The etiology of late-onset Alzheimer disease is poorly understood. Predisposing factors such as the apolipoprotein E4 allele, as well as protective factors (e.g., antioxidants) have been proposed to play a role in the disease's process. A search for predisposing factors contributing to sporadic late-onset Alzheimer disease was initiated using the differential display technique. RNA expression profiles of the entorhinal cortex and the cerebellum of Alzheimer-diseased and normal patients were compared. The entorhinal cortex is the first brain region to accumulate neurofibrillary tangles during disease progression, whereas the cerebellum is spared. In the Alzheimer cases of this study, one signal showing preferential expression in the entorhinal cortex corresponded to the apolipoprotein D gene. This preferential expression might be genuine at the RNA level as suggested by the in situ hybridization method used. In addition, immunohistochemical experiments showed higher percentages of Apolipoprotein D reactive pyramidal neurons in the entorhinal cortex and region 1 of Ammon's horn in diseased patients. This increase correlated with the number of neurofibrillary tangles in Alzheimer as well as in normal patients. Colocalization of Apolipoprotein D proteins and neurofibrillary tangles in the same neuron was rare. Thus, these results suggest that in Alzheimer disease and aging, apolipoprotein D gene expression is increased in stressed cortical neurons before they possibly accumulate neurofibrillary tangles.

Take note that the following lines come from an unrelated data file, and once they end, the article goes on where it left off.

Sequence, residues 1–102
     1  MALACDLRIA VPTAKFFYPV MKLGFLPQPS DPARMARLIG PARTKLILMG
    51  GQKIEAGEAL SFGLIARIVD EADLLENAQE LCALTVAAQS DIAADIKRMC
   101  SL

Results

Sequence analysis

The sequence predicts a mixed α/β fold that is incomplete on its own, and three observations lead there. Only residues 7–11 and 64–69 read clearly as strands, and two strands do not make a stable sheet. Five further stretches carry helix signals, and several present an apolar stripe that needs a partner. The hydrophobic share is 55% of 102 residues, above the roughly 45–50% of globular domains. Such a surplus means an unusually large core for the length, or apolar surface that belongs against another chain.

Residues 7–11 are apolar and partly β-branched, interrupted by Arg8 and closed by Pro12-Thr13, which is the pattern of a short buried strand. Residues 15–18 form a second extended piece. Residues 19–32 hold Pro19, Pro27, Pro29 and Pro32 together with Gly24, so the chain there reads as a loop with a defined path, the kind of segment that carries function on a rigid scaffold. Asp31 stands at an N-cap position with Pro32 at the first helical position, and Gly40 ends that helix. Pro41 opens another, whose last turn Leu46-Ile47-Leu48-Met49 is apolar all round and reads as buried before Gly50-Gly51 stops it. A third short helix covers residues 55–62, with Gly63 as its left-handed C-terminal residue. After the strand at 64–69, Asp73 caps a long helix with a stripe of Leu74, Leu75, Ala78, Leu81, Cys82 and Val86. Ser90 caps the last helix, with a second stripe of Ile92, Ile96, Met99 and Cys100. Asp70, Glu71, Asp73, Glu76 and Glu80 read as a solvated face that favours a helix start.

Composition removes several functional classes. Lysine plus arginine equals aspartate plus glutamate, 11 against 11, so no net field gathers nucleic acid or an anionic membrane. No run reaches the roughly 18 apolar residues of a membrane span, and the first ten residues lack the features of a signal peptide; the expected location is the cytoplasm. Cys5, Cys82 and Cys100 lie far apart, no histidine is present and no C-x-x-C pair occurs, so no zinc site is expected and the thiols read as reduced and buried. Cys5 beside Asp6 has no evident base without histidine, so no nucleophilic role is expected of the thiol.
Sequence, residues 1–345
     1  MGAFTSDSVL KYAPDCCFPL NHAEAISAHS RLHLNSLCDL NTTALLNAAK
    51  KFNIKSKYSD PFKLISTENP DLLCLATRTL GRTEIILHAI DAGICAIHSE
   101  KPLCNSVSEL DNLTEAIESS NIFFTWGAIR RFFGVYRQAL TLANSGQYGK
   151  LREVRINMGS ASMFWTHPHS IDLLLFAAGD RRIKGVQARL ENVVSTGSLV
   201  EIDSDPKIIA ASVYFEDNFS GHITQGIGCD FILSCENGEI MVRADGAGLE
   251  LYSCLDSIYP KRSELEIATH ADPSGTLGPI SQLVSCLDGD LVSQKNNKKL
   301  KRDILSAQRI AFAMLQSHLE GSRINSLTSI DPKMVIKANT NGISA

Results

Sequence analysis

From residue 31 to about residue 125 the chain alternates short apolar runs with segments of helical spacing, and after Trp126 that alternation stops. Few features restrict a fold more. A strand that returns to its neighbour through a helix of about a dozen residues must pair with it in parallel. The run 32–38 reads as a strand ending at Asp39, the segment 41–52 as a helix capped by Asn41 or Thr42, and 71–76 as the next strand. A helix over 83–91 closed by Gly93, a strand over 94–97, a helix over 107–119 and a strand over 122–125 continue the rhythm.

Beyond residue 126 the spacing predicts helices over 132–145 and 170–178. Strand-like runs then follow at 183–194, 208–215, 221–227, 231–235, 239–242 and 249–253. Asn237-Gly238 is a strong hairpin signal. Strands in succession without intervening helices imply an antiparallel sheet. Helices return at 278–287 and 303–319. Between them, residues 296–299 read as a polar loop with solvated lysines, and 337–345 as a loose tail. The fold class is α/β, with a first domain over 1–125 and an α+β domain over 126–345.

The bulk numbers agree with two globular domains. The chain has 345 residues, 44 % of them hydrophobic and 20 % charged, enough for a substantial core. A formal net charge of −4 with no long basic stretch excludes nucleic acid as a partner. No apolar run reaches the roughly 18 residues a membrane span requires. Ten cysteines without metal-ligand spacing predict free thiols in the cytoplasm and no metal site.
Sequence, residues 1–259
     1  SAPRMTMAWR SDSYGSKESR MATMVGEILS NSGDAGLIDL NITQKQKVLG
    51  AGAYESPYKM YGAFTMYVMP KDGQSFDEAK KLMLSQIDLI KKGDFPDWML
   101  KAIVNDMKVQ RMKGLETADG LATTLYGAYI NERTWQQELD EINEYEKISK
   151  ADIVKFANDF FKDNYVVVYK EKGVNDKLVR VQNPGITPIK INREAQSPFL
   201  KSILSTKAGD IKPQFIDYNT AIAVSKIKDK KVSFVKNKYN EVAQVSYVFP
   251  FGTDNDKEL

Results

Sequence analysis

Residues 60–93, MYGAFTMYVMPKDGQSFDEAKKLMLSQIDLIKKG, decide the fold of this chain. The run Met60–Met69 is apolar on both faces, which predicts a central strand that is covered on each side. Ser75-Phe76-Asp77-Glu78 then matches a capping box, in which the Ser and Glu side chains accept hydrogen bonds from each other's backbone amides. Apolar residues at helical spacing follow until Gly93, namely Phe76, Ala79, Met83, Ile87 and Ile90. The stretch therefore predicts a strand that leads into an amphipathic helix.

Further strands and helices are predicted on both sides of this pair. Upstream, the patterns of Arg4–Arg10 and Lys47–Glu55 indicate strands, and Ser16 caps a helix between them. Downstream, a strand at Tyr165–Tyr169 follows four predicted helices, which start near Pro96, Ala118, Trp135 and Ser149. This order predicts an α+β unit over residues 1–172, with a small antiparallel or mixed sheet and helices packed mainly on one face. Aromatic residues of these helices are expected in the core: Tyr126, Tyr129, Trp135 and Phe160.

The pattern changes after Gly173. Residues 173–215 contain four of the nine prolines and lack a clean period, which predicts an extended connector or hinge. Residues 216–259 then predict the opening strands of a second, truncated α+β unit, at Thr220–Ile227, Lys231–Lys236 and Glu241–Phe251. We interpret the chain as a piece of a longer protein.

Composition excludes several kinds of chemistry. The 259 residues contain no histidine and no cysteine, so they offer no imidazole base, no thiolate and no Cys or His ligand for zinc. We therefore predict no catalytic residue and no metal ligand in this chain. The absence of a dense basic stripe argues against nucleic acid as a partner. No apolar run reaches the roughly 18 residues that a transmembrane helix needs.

Copyright 2001 Wiley-Liss, Inc.